Growers who had come from outdoor grows, or worked in much smaller indoor grows, were now tasked with being environmental engineers and smart building designers while managing development at scale—with sometimes disastrous consequences, like losing a whole extent thanks to mold. The indoor concept evolved as hard lessons were learned.
Indoor cannabis cultivation has nearly four significant issues to deal with: lighting, HVAC, pest mitigation, and contamination like mold or other pathogens, which will come from either the building itself or the human working with the plants. All have come under more and more scrutiny and control because the industry evolves. Moreover, it resolves the some topics on whats a sploof all about regarding cannabis cultivation
Early on, lights were the main target of getting a more efficient, better yield operation overall. It came with a group of pros and cons still being figured out today. Cannabis cultivation lighting has come right down to a discussion of high sodium (HPS), the first preferred light for cannabis for indoor grows, versus light-emitting diodes (LED). However, HPS lights generate excessive heat and tend to spread light too widely within a grow. LEDs are initially costlier, but they operate cooler, use less electricity, and are more directable.
Apps To The Rescue
Seed-to-sale tracking may be a required regulatory compliance process that has always been a neighborhood of the cannabis growing process, mostly in situ to eliminate the merchandise’s potential diversion to the black or market.
One company has built an app to collect and streamline that information with its automation solution software. The software allows cannabis growers to automate the info entry of compliance information into the compliance seed-to-sale tracking platform and connect with state compliance tracking at Metric, a software application reporting tool employed by most states.
The Rise Of The Vertical Farm
One of the newer ideas being explored during agriculture tech is that the vertical farm—growing plants vertically in a smaller land footprint to form better use of growing space in non-traditional farm locations.
Vertical farming is now working its way into the cannabis business. It’s a wall of plants inside a gas-tight envelope that eliminates contamination and pests issues, with plants facing one another.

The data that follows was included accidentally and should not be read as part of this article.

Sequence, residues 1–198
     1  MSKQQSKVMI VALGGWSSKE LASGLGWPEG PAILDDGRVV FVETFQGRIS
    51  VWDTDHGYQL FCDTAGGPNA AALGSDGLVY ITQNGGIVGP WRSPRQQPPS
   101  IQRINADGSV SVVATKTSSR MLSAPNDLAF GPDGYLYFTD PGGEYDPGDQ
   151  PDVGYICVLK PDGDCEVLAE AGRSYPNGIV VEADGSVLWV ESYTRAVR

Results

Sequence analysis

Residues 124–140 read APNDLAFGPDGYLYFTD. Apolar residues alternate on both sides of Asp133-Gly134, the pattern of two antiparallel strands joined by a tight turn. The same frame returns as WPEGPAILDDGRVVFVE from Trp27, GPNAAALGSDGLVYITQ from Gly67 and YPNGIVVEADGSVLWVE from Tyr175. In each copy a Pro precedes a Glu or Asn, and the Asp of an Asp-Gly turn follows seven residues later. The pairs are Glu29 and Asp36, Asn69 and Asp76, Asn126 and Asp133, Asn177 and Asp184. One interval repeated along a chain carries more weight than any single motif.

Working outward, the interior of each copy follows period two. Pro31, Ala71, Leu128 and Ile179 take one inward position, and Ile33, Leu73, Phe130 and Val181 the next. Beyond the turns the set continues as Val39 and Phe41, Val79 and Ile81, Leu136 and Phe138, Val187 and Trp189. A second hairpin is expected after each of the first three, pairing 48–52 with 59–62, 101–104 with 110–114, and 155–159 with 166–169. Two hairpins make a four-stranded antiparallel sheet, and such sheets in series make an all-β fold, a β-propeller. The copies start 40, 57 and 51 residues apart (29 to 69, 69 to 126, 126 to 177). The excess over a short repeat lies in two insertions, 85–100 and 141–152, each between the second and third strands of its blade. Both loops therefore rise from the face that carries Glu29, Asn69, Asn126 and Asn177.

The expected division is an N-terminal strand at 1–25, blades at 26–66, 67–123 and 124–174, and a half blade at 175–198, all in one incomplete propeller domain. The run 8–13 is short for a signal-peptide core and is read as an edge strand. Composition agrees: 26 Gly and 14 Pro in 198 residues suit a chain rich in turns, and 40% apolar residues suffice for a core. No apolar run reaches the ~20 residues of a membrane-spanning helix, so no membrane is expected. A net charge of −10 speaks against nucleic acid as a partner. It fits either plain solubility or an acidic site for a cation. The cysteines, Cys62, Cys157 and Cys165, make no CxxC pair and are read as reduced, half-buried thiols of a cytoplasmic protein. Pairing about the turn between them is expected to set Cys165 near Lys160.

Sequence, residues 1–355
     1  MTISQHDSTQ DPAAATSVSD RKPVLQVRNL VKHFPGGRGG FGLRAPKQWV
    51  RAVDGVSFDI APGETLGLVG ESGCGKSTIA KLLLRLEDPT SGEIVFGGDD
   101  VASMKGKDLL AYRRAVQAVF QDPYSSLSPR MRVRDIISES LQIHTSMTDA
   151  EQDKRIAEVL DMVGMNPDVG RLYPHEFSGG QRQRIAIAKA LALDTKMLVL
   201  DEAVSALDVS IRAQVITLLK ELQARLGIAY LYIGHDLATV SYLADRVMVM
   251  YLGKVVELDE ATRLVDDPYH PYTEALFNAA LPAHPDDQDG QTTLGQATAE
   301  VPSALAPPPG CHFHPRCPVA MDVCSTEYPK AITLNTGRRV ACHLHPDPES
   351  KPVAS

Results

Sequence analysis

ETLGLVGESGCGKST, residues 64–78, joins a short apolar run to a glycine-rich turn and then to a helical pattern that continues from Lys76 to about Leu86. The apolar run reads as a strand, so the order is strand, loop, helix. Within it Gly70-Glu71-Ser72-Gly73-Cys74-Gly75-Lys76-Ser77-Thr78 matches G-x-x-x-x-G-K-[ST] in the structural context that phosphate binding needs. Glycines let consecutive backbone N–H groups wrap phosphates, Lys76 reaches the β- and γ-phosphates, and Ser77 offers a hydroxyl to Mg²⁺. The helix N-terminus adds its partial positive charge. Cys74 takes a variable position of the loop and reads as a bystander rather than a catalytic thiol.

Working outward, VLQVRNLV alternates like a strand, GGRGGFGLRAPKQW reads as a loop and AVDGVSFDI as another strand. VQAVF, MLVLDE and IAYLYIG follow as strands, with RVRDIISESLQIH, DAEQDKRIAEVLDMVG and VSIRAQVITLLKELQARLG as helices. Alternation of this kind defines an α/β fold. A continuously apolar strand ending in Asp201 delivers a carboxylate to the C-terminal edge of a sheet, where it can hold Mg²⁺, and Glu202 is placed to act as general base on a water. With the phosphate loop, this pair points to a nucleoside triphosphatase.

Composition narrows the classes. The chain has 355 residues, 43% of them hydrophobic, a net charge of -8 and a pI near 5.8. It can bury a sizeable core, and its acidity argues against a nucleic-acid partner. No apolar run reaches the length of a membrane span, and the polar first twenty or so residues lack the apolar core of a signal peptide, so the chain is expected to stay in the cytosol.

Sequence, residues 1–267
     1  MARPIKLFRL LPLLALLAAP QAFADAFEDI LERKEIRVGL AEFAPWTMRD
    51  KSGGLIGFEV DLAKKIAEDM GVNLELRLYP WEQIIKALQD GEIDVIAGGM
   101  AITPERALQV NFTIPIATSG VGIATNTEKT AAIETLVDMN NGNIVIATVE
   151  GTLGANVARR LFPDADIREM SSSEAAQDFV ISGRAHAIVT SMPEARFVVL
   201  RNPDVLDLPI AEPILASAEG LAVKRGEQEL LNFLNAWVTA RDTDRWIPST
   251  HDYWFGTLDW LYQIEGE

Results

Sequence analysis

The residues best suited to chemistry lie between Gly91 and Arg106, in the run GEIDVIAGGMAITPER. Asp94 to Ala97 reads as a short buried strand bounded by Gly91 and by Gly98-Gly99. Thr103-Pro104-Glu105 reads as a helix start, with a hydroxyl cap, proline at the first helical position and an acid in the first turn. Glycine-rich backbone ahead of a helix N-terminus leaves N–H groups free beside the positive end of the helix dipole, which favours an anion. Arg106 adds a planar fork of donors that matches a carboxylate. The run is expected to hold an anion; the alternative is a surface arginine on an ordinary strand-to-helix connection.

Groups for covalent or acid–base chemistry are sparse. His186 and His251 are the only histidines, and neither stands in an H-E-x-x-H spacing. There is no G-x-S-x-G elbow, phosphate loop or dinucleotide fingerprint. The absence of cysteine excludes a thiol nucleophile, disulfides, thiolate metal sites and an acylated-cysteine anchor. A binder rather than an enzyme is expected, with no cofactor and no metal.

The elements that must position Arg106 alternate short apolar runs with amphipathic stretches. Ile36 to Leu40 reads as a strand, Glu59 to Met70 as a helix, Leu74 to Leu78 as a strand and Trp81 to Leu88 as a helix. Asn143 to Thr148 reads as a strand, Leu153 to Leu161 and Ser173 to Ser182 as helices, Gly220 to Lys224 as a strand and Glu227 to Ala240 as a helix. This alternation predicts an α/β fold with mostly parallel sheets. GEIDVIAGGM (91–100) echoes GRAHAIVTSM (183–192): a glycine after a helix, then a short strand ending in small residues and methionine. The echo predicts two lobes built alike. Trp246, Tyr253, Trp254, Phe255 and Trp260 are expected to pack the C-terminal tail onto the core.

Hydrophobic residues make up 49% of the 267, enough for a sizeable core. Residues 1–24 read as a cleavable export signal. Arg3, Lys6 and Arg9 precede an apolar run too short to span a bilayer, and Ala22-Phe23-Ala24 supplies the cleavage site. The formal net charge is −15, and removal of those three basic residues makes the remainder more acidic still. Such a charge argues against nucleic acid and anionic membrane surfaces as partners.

Bringing AI into the grow operations for cannabis and other plants may be a concept that’s getting closer to reality. For instance, the University of California-Riverside was recently awarded a $10 million grant to develop AI for sustainable water, nutrient, salinity, and pest management within the western US (7). AI and digital agriculture, which are the transdisciplinary application of high-performance computing and hyperdimensional data, will be developed to enhance farming resilience. The AI project at UC-Riverside is concentrated on digital tools for agricultural input management, early pest detection, the mixing of physical and statistical models, and daily remote sensing merged with recommendations for soil-water balanced irrigation scheduling and salinity leaching, and fertilization—all during a single framework.
Today, as cannabis has been legalized in some form (medical, adult-use, or both) with the likelihood of more to return, all three sorts of growing operations—outdoor, greenhouse, and indoor—continue to be used.
Nevertheless, there are, and can be, more states where cannabis grows operations don’t work outdoors due to winter and summer weather challenges.
Greenhouses could also be the sole choice for a few states. Still, seasonal operational expenses related to fluctuating weather and heating-venting-air conditioning (HVAC) demands could seriously affect earnings margins.
In other states joining the legalized cannabis grow the community is compromised by smaller footprints of obtainable land, as in built-out states like New Jersey, leaving indoor farming (both updated hydroponic grows and new cultivation ideas like vertical grows) because the only logical option to make a profit off of a high-dollar crop like cannabis.